Hampton Hills is one of the larger Metro Parks, encompassing 655 acres. This park is a great example of the topography left behind from the last ice age. The glacially-formed Adam Run Valley was home to several American Indian tribes prior to settlement in the early 1800s. Along the trails, oak, elm, sycamore and black walnut trees provide habitat for a variety of birds and other wildlife. This park features one of the best areas for spring wildflowers. It also has several types of mushrooms and ferns, and an unusual plant called scouring rush which lines the banks of the stream. A grove of white pine, planted by Girl Scouts in the late 1960s, offers visitors a cool, scented respite.
The old Adam’s family homestead is located at the Top O' the World Area. Farm fields have been transformed into open fields and meadows containing milkwort, ironweed, Queen Anne's lace, goldenrods and asters. Several species of butterflies flit and flutter among the native plants. Bluebirds perch among the trees and shrubs looking for a tasty treat. Other notable bird species include woodcocks, wild turkeys and large birds of prey like red-tailed hawks. The hawks can be seen soaring above the meadows as they hunt for small voles and mice.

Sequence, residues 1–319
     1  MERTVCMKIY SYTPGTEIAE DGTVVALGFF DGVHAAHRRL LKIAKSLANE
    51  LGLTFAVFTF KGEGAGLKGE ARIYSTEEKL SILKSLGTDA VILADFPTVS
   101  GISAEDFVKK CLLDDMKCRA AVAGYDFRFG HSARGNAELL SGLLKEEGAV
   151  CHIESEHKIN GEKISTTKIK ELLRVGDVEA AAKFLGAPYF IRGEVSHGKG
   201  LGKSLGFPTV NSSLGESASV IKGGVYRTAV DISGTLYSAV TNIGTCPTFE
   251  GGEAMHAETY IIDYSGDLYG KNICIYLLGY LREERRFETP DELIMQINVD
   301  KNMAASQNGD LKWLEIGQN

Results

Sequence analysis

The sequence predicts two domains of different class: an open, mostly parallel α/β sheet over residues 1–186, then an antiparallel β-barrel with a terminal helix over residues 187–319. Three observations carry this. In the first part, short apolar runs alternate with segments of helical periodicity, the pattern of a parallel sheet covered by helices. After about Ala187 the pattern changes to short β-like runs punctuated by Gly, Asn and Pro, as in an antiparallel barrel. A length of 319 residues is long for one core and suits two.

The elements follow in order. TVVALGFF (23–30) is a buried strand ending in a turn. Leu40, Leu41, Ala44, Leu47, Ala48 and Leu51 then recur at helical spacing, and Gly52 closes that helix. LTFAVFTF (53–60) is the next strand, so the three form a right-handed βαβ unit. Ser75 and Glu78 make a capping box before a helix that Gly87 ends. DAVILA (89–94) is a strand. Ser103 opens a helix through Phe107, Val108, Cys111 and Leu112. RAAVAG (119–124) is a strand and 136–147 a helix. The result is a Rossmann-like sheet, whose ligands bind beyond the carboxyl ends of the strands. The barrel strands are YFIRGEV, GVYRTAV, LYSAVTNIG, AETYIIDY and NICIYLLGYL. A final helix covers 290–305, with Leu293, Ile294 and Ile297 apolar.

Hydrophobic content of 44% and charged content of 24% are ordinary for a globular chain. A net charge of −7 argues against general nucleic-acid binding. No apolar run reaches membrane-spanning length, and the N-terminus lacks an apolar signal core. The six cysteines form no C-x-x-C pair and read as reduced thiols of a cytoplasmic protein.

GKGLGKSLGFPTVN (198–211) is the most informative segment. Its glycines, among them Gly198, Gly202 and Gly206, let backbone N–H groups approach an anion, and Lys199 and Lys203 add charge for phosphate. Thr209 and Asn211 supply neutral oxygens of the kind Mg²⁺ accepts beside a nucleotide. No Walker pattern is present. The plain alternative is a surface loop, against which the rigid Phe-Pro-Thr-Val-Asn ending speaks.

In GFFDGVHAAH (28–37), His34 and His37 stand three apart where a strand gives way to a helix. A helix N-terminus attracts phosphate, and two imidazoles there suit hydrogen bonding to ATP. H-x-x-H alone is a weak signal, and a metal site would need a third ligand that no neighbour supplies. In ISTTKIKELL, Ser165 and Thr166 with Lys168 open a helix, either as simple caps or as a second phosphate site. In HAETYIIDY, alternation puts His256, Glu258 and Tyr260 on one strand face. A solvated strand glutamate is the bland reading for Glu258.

The archery range located off Steels Corners Road, is a great place to sharpen your archery skills. Targets are accessible year-round with your own equipment.